The Border Patrol has come up with a solution in response to increased public scrutiny over the agency's use of deadly force, typically when confronting undocumented immigrants and smugglers in the field.
Michael Fisher, the director of the 21,000-agent force said earlier this month, after mounting public pressure over immigrant shootings, that he'd review agency policy. He announced a directive to search for "less-than-lethal-equipment" for agents to use in the field for their protection, instead of or besides their standard-issue weapons.
According to technology and government website Nextgov, the agency is now in the market for stun guns.
Stun guns would seem to qualify under the new non-lethal category, as request for proposal posted on the Federal Business Opportunities website asks manufacturers to provide more information on their “electronic control devices” and “neuromuscular incapacitating projectile firing devices.”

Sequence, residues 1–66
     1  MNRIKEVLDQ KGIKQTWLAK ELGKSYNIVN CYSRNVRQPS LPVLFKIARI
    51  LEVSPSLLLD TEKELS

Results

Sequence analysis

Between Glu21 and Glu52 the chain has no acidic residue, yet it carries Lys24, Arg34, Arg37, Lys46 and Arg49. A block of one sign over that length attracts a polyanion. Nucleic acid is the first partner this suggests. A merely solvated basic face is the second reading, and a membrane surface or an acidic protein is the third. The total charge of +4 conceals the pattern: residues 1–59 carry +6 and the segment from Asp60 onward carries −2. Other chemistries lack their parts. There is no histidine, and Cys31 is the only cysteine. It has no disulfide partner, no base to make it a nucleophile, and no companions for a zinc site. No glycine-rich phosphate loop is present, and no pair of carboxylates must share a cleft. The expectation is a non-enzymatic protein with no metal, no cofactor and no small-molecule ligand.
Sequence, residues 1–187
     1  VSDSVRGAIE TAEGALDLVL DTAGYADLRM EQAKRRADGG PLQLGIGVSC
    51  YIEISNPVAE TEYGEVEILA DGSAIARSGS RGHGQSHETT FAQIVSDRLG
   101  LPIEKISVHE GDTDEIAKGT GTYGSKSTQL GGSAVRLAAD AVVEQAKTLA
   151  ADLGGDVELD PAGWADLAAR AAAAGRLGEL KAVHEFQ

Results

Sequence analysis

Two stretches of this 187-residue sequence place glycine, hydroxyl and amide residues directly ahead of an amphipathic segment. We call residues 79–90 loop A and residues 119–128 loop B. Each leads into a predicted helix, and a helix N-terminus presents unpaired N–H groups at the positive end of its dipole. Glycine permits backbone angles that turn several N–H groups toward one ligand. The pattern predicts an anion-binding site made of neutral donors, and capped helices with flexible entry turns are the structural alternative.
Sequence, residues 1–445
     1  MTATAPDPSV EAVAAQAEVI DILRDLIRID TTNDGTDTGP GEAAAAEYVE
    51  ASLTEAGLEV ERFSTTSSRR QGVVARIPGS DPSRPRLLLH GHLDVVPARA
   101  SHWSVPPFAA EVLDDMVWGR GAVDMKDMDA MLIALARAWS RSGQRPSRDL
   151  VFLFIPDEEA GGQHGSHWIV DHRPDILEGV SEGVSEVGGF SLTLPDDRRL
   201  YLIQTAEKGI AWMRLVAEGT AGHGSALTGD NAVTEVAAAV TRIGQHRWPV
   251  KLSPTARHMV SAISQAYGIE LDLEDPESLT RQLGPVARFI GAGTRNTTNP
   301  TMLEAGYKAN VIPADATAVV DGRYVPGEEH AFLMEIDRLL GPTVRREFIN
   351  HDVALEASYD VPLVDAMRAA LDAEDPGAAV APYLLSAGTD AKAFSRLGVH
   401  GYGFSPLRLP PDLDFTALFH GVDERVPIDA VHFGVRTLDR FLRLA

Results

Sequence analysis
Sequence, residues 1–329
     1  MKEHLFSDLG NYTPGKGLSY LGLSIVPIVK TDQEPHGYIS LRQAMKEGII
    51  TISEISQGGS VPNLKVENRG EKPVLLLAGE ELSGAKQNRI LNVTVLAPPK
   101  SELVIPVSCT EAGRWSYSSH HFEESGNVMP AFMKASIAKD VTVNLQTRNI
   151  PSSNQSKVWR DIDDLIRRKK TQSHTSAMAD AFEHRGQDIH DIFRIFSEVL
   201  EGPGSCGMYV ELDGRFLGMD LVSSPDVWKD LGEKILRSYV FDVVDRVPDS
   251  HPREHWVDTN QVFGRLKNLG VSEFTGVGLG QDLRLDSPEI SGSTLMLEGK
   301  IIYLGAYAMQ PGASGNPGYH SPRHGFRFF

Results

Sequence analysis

The info requested by the Border Patrol's parent agency, U.S. Customs and Border Protection, which is under Department of Homeland Security, includes how many stun guns could be made every month and “what quantity could be devoted to DHS?”
The posting also asks companies to “provide all references to the applicable human effects testing and research information regarding specific device technology.”
A Canadian study published last year found that the stress a stun gun places on a person’s could have fatal consequences, but, it admitted, the 33 deaths in that country that have been associated with stun guns since 1998, “were not necessarily” the direct results of stun guns and may have been caused also by underlying medical conditions such as heart disease.
In one high-profile incident in the U.S., an 18-year-old Miami Beach graffiti artist died after police shot him in the chest with a Taser last summer.
In his directive earlier this month, Fisher noted that since 2010 agents have been assaulted with rocks 1,713 times; they responded with deadly force 43 times, "which regrettably resulted" in 10 deaths.
According to the Arizona Republic, while some agents have been seriously injured, none have been killed in rock-throwing assaults.
Manufacturers have until April 9 to reply to CBP's information request.